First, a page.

Who Is Eligible For ARC Services?
To be eligible for services from Accessibility Resource Center (ARC), the student must be admitted to UNM, and they must have a documented disability. ARC understands that many people do not readily identify with the term “disability” and prefer to use other terminology to describe their situation, and we respect that choice. At the same time, the term “disability” is the language used in both the federal laws and the UNM policies that protect students with disabilities from unlawful discrimination and provide for them to receive reasonable accommodations. This is why the word disability is used frequently throughout our website.
Definition of Disability
As defined in federal law, a person with a disability is someone who has a serious medical condition or a physical or mental impairment that substantially limits one or more major life activities.
Major life activities are those functions that are important to most people’s daily lives. They include but are not limited to the following:
- Caring for oneself, performing manual tasks, seeing, hearing, eating, sleeping, walking, standing, lifting, bending, speaking, breathing, learning, reading, concentrating, thinking, communicating, and working.
- Major Bodily Functions, such as functions of the immune system, normal cell growth, digestive, bowel, bladder, neurological, brain, respiratory, circulatory, endocrine, and reproductive functions.
Types of Disabilities
There are many different types of disabilities that can affect a person. Some examples of disabilities include, but are not limited to the following: Arthritis, Autism, Attention-deficit/Hyperactivity disorder, Blindness/low vision, Cerebral Palsy, Communication disorders, Deafness/hearing impairments, Emotional/psychological disabilities, Multiple Sclerosis, Muscular Dystrophy, Seizure disorders, Specific learning disabilities, Spinal cord injuries,brain injuries,and Other health impairments.
This group of students comprises a large proportion of the population of students served by Accessibility Resource Center. Psychological disabilities include, but are not limited to, depression, bipolar disorder, anxiety disorders, and schizophrenia. Some students undergoing treatment take prescription medication to help control symptoms. ARC understands that this medication may have side effects such as drowsiness or disorientation, so it is important to consider this when talking about accommodations that are needed.
This group of students comprises a large proportion of the population of students served by Accessibility Resource Center. These disabilities affect the manner in which individuals acquire, integrate, and/or express knowledge. Learning disabilities may affect a student’s performance in reading, writing, spelling, mathematics, auditory processing, or orientation to space and time. People with ADHD may have trouble paying attention, controlling impulsive behaviors (may act without thinking about what the result will be), or be overly active.
If the student has had a psychoeducational, psychological, or neuropsychological evaluation done, it can be very helpful if the student can provide a copy of the evaluation to ARC. These evaluations are usually comprehensive and detailed, and they can assist ARC in helping the student determine which accommodations may be most effective for them.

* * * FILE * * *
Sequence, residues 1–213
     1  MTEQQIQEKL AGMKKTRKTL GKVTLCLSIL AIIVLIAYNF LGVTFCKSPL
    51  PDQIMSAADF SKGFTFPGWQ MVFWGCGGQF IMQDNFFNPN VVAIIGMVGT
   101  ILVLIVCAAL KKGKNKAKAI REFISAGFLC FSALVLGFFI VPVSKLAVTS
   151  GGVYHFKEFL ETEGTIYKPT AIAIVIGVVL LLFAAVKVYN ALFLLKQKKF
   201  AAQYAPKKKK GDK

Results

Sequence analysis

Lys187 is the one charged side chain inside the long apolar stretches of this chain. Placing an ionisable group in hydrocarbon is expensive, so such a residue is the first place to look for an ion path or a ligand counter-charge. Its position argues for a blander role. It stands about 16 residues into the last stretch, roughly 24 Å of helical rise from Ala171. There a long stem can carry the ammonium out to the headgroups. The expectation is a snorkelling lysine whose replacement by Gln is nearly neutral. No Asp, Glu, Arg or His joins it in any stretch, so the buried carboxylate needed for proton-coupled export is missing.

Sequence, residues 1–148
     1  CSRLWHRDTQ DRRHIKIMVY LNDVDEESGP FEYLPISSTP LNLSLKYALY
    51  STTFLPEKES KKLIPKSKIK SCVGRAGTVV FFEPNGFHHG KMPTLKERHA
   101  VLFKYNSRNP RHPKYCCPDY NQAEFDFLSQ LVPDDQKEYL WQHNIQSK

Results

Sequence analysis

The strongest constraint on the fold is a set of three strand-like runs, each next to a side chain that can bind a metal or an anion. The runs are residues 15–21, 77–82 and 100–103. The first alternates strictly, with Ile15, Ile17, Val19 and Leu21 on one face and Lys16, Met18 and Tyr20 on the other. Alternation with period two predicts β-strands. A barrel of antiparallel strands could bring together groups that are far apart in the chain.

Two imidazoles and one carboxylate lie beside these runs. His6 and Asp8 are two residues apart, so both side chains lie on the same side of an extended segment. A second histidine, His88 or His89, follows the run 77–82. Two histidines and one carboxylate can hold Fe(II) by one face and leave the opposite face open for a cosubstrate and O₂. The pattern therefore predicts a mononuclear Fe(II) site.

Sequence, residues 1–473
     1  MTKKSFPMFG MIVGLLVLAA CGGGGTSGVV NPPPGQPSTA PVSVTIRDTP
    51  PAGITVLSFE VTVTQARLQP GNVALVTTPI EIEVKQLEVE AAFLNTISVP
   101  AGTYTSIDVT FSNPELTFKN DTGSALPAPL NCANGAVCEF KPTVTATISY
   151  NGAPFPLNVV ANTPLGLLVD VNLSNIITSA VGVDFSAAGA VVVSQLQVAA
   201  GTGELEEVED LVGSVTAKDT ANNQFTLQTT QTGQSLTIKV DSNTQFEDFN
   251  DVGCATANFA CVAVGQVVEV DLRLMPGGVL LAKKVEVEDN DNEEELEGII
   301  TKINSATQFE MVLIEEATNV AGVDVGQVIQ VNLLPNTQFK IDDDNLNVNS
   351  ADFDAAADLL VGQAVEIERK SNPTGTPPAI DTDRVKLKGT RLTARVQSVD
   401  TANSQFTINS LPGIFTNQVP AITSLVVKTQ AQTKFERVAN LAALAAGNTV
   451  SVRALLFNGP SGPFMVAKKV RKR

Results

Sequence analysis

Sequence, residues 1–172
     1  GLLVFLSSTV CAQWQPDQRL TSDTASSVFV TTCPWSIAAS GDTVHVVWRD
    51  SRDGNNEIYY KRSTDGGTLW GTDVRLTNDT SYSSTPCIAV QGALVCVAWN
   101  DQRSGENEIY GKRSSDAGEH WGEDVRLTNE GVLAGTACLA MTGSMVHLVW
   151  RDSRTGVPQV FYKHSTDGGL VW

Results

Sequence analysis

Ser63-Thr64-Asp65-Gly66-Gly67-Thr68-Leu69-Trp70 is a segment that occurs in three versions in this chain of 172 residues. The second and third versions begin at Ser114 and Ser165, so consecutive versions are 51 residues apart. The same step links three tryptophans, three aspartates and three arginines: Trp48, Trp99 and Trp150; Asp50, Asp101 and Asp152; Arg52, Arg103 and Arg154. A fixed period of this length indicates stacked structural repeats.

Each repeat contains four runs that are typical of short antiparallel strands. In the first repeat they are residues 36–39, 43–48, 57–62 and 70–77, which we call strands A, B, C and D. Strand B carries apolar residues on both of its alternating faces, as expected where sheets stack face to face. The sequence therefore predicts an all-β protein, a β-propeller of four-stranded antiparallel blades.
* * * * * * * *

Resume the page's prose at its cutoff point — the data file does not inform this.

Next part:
There are a number of chronic health conditions that may impact a student’s energy level, pain level, concentration, and attendance. Examples of these conditions include but are not limited to Diabetes, heart conditions, Crohn’s Disease, Multiple Sclerosis, chronic pain, Fibromyalgia, and cancer. Some students may be taking medication with varying side effects such as drowsiness or slowed response. Chronic health conditions are often unpredictable, so students may be affected at any time without warning.
The age of onset of a hearing disability will have a great impact upon the student’s English ability, both spoken and written. Generally, English is considered a second language for deaf and hard of hearing students when signed language is the dominant mode of communication. Typical accommodations include use of a Signed Language interpreter, real-time captioning, note taking, providing all directions in writing, and closed-captioned videos.
Visual disabilities can vary from total blindness to low vision. Students with low vision may not have an apparent “visible” disability. Students with visual disabilities may experience eyestrain, light sensitivity, and an inability to read printed material or to distinguish certain colors. Students who have been blind from birth have no visual memories. Their concepts of objects, space, and distance may be different from those persons who develop visual disabilities later in life.
These students may encounter various types of environmental barriers in the college setting such as inaccessible readings, unannounced quizzes, open book tests, locating lecture information, completing scantron answer sheets, or viewing lecture notes during class.
Physical access is one of the major concerns for students with physical disabilities. Students may encounter unavoidable delays during inclement weather, times of heavy foot traffic, and periods of construction. If a classroom is inaccessible, Accessibility Resource Center will work with the department to relocate the class to an accessible location. When a course requires travel to alternative locations, those locations and transportation must be accessible.